The game gets harder the more you progress, until the annoying knive-throwing katana-wielding final boss which you'll have to fight TWICE! A real pain in the ass.

Thankfully you can manage to collect various Continues. How so?
 Die Hard Arcade comes with Deep Scan.
An old classic 1979 Sega arcade title.
It's a pretty simple but slow tactical submarine game.
Throw torpedos at submarines from your boat but avoid naval mines.
It's a bit strategical, everything moves so slow in this game.
But it's a pretty easy game.
And you'll manage to grab several continues which aren't used in Deep Scan but in DHA.   

The Saturn port is an exact same copy of the arcade.
Same gameplay and same resolution. Well, simple, it was made for the arcade card STV which is basically a Saturn. A near perfect conversion.

The game is actually playable by 2 players as well.
Though you'll probably need to gain some extra credits for that...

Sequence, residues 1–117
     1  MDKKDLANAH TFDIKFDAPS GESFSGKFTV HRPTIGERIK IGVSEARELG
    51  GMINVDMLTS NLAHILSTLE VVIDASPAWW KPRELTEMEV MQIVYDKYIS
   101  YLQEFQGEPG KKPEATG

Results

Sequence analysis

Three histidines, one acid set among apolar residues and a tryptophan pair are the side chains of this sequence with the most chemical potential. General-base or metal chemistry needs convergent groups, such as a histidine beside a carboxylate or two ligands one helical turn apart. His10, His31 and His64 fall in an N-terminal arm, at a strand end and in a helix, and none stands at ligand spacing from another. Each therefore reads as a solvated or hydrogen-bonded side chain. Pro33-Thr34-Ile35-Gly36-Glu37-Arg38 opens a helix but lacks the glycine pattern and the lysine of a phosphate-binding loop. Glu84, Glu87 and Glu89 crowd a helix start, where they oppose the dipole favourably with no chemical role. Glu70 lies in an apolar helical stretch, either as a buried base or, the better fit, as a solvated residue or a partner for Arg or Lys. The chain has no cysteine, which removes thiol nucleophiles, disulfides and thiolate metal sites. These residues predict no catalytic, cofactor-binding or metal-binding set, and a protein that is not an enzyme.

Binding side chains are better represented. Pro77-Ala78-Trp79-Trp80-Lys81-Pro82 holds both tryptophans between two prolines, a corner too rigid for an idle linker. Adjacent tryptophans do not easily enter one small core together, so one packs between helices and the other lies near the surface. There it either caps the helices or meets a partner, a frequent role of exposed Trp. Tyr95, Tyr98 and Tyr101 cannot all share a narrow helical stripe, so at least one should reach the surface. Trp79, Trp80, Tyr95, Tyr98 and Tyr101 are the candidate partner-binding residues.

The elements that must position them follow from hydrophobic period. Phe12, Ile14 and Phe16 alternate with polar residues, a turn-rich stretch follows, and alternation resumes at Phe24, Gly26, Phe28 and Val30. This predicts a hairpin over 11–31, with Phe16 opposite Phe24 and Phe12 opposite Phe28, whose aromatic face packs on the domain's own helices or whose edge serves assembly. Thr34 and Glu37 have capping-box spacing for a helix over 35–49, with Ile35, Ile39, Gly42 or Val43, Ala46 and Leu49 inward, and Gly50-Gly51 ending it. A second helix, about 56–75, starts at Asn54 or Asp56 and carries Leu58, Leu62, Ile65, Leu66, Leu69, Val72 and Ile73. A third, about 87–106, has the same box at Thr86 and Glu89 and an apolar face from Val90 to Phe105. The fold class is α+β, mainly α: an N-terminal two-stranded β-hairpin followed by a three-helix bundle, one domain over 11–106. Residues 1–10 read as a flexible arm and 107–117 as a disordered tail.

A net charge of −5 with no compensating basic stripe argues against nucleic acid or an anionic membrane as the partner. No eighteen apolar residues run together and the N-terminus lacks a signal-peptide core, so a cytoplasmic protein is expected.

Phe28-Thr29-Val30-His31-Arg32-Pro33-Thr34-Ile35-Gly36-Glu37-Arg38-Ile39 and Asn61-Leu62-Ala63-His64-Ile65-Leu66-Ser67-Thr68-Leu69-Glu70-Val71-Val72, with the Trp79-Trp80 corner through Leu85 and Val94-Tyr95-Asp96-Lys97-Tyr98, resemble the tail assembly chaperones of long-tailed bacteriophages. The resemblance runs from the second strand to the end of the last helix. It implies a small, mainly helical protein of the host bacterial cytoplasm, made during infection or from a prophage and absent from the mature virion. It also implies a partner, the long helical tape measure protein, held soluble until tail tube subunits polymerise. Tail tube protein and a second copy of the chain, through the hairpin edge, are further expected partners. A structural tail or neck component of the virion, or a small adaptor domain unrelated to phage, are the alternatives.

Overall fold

It's also the only way to get to the TRUE ENDING.
It's a reference to Double Dragon. The President's daughter will then decide to hire you as her body guard, but you'll have to both face-off against each other in a final duel.

The game might have been developed as a separated entity to the DH franchise but it's still counts in my eyes.
Even though it parodies other action films, has several robot guards at some points (I don't remember those in the movies!) it still has a bad ass John McClane than ends up with his iconic white sleeveless undershirt (he gets progressively worse through the game).
It's also the first time he actually fight some real terrorists (after the President's daughter, no less!) as ridiculous as they appear.

The story got "westernized" and officialized as a Die Hard - so what? 
Probably one of the best and my favorite movie tie-ins - which it isn't really.

Overall, it's a fantastic game, one like you didn't see much anymore by the mid-90s.
The Saturn didn't had much of a share in the beat 'em all genre unlike the Megadrive. But it's a great game through and though.
It's a shame and quite ironic the best and most fun Die Hard game wasn't actually really a Die Hard game at all.

The game proved quite popular in the arcade and it even got a sequel later on that parodied 90s action flicks. It didn't receive the Die Hard ip though.
It was known as Dynamite Cop in Europe and America. (but that's for another time)

Fantastic game. Long, fun and unique.  
I give it:
3 / 3 Pacmans!

No comments:

Post a Comment